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Translators are well used to wrangling complex text into comprehensible shape. If you do a good job and deal with a wide range of documents, you sometimes get the feeling that your translated text might be higher quality than the… Read More
Translators are well used to wrangling complex text into comprehensible shape. If you do a good job and deal with a wide range of documents, you sometimes get the feeling that your translated text might be higher quality than the original source. The truth is that not all documents are necessarily well-written, and some may even be bordering on the unintelligible. The New Zealand government is in the process of attempting to improve the quality of its communications with the introduction of the Plain Language Bill, which is currently awaiting a final debate and vote on implementation.
The New Zealand bill promotes the use of plain English in official documents and websites, but what does that mean? The proposals define plain language as being “appropriate to the intended audience” and “clear, concise, and well organised”. This all sounds admirable, but it is hard to imagine anyone is intentionally producing text that is “inappropriate for the intended audience” or “unclear, wordy and disorganised”. The truth is that good, clear writing is difficult to achieve. And legislators are already discovering that judging the clarity of a passage of text is a highly subjective exercise.
The challenges of pinning down what is meant by plain language are highlighted by the Commentary on the evolution of the bill. Reports from the Governance and Administration Committee suggest that “plain language” will differ depending on the intended audience as readers may have widely different levels of understanding. An earlier draft of the bill suggested “plain language” be defined as text that “the intended reader can easily understand after 1 reading”. The Committee rejected this definition as “impractical”, pointing out “it may not always be feasible for readers to understand some documents — particularly technical ones — after a single reading, even if they have the relevant expertise.” The single reading test has been removed from latest version of the bill.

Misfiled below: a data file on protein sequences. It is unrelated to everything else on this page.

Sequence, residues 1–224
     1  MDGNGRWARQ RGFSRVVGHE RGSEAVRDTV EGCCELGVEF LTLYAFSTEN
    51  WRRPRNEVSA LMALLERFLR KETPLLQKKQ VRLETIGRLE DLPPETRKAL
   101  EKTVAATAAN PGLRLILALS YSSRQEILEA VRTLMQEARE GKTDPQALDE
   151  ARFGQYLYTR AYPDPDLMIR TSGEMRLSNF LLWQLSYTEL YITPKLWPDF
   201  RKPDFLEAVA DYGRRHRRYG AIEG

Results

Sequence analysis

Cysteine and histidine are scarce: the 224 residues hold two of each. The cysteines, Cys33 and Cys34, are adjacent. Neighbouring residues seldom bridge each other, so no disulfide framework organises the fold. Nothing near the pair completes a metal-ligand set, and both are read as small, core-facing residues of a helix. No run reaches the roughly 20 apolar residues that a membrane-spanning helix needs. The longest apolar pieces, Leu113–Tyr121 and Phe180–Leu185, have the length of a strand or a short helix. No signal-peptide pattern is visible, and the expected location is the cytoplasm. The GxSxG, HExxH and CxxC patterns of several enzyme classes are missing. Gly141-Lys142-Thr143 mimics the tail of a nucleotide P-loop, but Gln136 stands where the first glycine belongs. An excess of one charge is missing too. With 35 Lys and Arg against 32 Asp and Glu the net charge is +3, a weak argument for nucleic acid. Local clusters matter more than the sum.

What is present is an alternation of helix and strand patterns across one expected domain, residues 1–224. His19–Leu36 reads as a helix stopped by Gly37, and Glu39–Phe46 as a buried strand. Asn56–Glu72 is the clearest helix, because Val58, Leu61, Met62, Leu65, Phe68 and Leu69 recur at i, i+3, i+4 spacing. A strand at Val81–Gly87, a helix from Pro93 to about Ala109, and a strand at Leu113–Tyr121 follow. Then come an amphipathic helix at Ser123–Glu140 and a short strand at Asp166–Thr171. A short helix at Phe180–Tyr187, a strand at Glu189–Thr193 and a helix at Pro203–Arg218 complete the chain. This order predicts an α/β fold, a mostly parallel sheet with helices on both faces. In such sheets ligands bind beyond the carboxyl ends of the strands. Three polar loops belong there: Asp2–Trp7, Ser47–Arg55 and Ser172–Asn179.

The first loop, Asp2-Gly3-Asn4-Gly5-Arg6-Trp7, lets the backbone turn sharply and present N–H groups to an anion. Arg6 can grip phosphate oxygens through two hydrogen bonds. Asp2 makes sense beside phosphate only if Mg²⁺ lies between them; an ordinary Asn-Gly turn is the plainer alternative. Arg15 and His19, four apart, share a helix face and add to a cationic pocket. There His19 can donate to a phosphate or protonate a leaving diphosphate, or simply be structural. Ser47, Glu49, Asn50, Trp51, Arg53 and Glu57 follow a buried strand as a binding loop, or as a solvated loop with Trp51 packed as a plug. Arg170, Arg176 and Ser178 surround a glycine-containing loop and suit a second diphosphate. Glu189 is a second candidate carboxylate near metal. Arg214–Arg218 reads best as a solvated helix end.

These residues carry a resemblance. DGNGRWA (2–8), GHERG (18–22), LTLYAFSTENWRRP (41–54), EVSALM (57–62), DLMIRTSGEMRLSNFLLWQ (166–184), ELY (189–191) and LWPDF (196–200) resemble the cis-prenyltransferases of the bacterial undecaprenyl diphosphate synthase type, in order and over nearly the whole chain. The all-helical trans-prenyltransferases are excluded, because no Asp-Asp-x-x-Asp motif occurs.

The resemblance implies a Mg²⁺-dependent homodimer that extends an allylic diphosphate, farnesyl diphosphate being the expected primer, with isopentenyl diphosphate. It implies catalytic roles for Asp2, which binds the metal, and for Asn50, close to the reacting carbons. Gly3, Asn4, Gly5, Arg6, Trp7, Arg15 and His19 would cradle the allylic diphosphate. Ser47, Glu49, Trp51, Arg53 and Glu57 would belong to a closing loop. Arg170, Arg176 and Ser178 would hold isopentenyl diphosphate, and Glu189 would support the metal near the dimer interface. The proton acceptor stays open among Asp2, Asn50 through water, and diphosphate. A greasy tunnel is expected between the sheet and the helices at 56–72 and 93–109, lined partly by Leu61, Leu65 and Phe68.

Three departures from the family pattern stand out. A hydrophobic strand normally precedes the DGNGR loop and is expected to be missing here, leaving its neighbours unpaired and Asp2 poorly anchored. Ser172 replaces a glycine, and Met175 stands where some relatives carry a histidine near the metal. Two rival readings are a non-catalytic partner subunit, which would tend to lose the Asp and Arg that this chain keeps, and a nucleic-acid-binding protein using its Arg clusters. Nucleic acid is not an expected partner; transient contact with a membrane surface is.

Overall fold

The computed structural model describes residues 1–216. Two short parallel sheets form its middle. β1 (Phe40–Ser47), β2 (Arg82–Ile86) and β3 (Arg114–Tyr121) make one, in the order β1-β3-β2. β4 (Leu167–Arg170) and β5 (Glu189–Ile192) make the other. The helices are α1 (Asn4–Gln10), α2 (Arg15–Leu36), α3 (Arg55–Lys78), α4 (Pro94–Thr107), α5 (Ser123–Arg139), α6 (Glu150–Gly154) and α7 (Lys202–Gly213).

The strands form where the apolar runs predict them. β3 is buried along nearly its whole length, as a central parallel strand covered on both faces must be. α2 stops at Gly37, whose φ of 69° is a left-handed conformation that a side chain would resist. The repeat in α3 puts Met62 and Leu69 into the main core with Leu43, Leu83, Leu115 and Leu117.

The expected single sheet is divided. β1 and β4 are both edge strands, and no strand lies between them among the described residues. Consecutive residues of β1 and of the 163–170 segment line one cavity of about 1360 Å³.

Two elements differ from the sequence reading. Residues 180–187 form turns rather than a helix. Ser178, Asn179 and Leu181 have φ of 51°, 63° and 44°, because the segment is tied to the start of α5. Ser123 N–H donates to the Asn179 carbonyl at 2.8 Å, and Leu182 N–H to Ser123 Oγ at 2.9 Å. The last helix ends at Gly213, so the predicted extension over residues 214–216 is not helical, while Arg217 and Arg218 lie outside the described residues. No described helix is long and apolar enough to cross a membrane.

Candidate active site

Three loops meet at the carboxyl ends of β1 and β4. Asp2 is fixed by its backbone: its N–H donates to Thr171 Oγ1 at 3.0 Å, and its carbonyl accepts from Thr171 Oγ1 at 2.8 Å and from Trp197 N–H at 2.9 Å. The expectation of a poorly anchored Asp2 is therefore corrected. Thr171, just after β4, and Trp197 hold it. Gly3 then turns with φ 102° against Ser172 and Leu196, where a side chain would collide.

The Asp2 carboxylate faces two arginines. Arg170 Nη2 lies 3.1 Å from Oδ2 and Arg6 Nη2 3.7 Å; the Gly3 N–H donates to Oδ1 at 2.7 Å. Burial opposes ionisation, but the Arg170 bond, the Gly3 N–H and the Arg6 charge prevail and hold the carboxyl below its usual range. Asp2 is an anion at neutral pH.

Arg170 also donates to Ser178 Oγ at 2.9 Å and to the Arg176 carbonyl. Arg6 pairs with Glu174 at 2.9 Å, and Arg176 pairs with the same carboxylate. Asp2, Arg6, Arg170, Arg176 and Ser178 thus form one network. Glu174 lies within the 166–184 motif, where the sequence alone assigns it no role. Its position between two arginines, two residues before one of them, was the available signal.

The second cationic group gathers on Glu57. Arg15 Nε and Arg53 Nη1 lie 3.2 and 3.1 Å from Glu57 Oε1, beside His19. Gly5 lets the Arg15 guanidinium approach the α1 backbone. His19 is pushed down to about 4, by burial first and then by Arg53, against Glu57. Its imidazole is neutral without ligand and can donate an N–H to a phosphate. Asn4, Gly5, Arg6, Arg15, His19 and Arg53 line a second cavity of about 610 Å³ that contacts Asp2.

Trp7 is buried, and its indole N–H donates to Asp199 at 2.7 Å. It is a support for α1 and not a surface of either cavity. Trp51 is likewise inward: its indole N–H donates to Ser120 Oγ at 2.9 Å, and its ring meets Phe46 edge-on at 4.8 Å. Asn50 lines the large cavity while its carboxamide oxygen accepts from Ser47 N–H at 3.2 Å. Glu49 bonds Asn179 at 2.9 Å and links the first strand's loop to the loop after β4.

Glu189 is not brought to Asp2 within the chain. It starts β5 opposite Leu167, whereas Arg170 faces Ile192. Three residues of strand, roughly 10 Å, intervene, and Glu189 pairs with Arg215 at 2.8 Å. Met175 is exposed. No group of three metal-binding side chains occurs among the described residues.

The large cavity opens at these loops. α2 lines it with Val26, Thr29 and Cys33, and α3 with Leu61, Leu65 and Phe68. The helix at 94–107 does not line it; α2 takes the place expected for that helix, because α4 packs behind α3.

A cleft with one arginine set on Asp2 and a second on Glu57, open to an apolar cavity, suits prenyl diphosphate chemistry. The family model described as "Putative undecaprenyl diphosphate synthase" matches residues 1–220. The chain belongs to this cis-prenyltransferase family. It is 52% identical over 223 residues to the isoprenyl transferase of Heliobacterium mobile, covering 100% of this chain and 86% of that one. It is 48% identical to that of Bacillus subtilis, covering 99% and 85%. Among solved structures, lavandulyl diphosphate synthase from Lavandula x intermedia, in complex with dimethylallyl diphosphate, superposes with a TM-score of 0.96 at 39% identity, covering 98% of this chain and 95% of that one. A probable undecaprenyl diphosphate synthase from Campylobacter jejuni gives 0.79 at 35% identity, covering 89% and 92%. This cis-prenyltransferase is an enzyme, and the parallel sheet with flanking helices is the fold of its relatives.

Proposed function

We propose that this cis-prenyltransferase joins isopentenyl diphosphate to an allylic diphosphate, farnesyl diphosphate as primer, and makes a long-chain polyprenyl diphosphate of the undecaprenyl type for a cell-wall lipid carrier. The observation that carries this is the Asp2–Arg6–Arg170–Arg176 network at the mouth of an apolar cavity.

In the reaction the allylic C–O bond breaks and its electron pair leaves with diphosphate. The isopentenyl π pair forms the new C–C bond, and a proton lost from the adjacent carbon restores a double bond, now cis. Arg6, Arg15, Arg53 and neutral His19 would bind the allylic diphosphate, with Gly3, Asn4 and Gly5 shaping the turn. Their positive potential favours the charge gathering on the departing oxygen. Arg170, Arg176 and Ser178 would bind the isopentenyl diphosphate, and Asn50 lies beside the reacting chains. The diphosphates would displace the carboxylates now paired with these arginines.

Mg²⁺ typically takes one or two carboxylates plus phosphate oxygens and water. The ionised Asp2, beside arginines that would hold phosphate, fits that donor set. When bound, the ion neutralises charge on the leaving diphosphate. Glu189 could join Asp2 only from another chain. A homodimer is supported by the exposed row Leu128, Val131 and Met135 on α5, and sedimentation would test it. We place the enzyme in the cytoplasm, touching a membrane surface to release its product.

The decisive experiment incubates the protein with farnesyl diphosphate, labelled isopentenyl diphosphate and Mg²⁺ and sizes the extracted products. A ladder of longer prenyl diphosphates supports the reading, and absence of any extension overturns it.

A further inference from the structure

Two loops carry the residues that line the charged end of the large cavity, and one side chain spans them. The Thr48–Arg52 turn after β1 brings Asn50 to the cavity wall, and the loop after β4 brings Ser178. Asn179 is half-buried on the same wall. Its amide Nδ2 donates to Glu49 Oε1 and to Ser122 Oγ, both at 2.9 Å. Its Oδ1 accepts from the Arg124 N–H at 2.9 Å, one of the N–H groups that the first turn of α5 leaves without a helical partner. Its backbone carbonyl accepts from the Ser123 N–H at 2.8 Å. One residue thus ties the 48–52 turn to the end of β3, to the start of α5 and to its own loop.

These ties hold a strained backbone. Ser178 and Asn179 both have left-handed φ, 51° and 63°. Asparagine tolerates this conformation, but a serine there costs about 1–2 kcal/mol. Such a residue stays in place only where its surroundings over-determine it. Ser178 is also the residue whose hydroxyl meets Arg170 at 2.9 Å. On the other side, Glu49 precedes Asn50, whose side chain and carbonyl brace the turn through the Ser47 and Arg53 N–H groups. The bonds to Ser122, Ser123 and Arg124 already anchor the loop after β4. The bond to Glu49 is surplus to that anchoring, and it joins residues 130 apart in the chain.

Another suggested requirement of “plain language” was that it should follow “recognised guidelines of plain language writing”. With no indication of what these guidelines might be, this instruction was meaningless and has duly been abandoned. The question of who gets to decide what is “plain language” is not really resolved in subsequent versions of the bill.
Assuming the difficulty of defining what is meant by “plain language” can be overcome, the next challenge is how it would be enforced. The bill proposes the introduction of “plain language officers”, who would deal with feedback from the public on official documentation and take responsibility for educating other government officials on the requirements of the Act.
New Zealand’s opposition say this will simply add a costly layer of bureaucracy without achieving the desired improvements. As reported in The Guardian, opposition MP Chris Bishop did not mince his words in expressing his opinion about the proposals, “Let me speak with extremely plain language. This bill is the stupidest bill to come before parliament in this term.”
Opponents of the bill have two key concerns. Firstly, is legislation the right way to achieve the desired outcome? New Zealand’s Legislation Design Advisory Committee suggested that improvements to written documents would be best achieved through non-legislative means. And secondly, would the legislation be effective? The proposals state “This Act does not confer a legal right or impose a legal obligation on any person that is enforceable in a court of law”, so the question is will it have any impact at all?
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